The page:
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E.U. Court Rejects ISP Illegal Content Filter
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msg:4390685
 2:13 pm on Nov 24, 2011 (gmt 0)

E.U. Court Rejects ISP Illegal Content Filter [bbc.co.uk]
The European Court of Justice has ruled that content owners cannot ask ISPs to filter out illegal content.

The ruling could have implications for the creative industries as they attempt to crack down on piracy.

The court said that while content providers can ask ISPs to block specific sites, wider filtering was in breach of the E-Commerce Directive.


 

tangor




msg:4391051
 5:20 pm on Nov 25, 2011 (gmt 0)

A common sense approach, my opinion. Having ISPs become "policemen" for content is an inappropriate and crazy wish, fraught with too many dangers of error or malice. Copyright holders, generally, are responsible for protecting their content, backed by law(s) with legislated punishments attached.

JAB Creations




msg:4391173
 12:00 am on Nov 26, 2011 (gmt 0)

ABSOLUTELY! Piracy is the real problem.

Who cares if the music publishers conspired together to ensure that they got 70 cents out of every dollar screwing over the people who actually made the music?

Who cares that publishers have been caught using the very materials they're saying they're not being paid licensing fees for when they've been caught doing it themselves?

Who cares that the publishers are racking in the highest profits ever?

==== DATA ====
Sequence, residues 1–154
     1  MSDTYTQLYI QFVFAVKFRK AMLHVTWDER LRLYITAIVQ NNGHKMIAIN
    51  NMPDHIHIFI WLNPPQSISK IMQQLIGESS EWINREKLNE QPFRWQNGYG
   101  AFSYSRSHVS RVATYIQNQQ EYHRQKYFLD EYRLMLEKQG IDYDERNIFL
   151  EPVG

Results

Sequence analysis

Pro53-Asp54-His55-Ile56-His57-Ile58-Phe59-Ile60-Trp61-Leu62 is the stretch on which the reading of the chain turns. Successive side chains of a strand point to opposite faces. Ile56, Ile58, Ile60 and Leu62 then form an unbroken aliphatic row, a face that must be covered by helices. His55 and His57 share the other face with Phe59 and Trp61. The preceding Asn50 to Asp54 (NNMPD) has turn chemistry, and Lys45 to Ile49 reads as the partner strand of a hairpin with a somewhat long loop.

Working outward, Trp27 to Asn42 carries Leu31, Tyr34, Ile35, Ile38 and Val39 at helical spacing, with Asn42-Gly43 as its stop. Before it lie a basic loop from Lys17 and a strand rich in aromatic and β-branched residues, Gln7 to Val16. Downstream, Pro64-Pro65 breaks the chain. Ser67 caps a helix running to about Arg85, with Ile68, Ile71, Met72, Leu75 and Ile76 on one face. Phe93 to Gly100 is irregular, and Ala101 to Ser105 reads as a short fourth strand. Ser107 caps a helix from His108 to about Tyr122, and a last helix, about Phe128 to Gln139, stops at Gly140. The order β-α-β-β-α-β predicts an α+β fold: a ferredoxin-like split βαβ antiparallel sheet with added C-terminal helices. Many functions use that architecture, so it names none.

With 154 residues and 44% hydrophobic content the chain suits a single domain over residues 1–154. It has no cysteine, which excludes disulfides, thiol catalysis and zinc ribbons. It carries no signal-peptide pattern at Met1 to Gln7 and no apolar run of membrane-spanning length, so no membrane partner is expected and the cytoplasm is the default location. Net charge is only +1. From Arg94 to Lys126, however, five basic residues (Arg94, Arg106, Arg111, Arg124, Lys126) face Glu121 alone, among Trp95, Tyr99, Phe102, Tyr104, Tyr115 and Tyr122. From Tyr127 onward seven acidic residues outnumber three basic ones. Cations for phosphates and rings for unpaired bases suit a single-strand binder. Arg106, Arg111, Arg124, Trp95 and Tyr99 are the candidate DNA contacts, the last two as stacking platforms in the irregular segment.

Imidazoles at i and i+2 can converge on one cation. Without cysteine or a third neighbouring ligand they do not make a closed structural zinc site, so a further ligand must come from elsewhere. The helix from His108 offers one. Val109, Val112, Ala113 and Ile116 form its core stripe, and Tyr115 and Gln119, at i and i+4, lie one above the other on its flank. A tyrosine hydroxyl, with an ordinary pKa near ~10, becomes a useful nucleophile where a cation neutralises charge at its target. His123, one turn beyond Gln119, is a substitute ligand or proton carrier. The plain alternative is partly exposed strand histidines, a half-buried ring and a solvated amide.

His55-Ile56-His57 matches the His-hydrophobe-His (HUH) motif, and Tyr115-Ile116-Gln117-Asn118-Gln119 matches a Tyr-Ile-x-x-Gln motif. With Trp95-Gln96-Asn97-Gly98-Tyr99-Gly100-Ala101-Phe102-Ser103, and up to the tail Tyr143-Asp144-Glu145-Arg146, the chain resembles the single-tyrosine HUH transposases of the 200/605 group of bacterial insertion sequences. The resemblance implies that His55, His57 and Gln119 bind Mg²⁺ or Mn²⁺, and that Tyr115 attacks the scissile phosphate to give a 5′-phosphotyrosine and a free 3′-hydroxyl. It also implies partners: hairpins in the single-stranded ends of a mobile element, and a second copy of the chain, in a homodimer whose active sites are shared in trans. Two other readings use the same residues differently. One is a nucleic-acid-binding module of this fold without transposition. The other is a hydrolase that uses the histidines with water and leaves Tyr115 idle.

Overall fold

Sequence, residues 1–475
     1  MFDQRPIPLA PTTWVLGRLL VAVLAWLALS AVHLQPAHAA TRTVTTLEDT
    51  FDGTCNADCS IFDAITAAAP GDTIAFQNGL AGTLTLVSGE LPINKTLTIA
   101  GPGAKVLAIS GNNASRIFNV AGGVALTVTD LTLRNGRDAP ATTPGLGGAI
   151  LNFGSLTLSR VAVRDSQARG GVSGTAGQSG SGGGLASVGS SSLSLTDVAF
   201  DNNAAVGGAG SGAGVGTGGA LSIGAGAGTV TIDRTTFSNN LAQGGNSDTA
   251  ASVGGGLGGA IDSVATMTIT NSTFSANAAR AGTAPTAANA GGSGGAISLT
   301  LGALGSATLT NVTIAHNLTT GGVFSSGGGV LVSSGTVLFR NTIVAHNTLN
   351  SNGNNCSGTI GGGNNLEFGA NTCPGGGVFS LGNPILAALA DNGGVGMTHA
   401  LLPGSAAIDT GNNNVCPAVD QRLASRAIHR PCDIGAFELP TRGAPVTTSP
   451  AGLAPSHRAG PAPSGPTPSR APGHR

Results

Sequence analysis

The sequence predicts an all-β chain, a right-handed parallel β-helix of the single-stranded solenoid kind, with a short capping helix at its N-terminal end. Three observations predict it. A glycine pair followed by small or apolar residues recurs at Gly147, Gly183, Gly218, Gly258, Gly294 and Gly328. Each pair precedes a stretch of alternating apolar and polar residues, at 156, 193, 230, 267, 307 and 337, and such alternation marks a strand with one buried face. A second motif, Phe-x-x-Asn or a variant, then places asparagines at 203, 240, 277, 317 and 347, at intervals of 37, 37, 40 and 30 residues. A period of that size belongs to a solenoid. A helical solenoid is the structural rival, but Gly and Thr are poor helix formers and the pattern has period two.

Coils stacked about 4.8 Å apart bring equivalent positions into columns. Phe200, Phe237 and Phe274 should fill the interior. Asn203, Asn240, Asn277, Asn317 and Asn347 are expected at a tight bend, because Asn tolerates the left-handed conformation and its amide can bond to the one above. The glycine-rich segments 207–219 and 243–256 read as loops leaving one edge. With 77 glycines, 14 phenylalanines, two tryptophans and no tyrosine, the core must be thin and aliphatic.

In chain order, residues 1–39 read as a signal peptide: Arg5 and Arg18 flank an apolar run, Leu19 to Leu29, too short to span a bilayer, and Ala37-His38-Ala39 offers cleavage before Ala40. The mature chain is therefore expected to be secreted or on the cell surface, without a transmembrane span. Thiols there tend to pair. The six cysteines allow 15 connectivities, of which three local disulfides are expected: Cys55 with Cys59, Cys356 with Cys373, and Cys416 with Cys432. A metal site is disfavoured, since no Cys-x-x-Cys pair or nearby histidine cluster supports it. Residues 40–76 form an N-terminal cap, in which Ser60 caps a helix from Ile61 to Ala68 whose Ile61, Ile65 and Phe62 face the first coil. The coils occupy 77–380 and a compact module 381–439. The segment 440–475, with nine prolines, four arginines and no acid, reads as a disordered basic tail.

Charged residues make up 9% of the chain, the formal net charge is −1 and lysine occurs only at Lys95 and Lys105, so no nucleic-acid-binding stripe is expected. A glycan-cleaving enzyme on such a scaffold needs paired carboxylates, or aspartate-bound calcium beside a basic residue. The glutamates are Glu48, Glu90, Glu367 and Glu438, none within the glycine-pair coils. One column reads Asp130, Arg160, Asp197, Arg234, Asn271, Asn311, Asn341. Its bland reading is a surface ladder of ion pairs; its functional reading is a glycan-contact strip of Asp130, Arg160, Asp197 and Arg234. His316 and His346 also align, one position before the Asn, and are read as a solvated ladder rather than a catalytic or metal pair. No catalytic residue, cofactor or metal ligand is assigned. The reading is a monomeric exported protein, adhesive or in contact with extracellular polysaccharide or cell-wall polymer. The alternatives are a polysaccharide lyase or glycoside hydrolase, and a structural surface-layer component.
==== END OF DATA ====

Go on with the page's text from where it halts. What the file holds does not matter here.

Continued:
Who cares that the material that isn't all that great to begin with is ludicrously overpriced?

Who cares that all the people who run this industry are all entirely corrupt and are the ones complaining about people who don't wish to be part of that completely corrupt system?

- John

wheel




msg:4391183
 1:29 am on Nov 26, 2011 (gmt 0)

Who cares if the music publishers conspired together to ensure that they got 70 cents out of every dollar screwing over the people who actually made the music?

The people that made the music have the choice. The choices may not be ones they like, but they are choices nonetheless.

And with the advent of the internet, there's every opportunity for musicians to work outside the system.

It's no different than any other industry, the middlemen make money. In publishing, it's not the bookstores or the authors, it's the publishers making money. So self publish.

JAB Creations




msg:4391374
 11:35 pm on Nov 26, 2011 (gmt 0)

The people that made the music have the choice.


...and you've never made a choice thinking you knew all the options available to you and then later determined that all those available options were the least desirable? I could think of a few things in my own life that would work as a great analogy that most people could relate to. That's merely justification without any consideration of any kind which doesn't work if you're trying to be objective.

How do musicians know what their options are? They aren't inherently also web designers, web developers, graphic designers and they might not even use computers to begin with much less be aware of the technical terms. Add to the fact that everyone keeps saying Google is favoring big businesses for search results what are the chances that an uninformed artist will find what they're really looking for or even have an idea of what to look for?

- John

tangor




msg:4391395
 3:18 am on Nov 27, 2011 (gmt 0)

Let's not get too far from the topic with asides into the who and how to copyright side. That's different topic.

The last thing the internet needs is for civilians (ISPs) to be turned into unvetted censor police by third parties. The EU court saw that might not be a good idea... and here's hoping the rest of the world sees it the same way.

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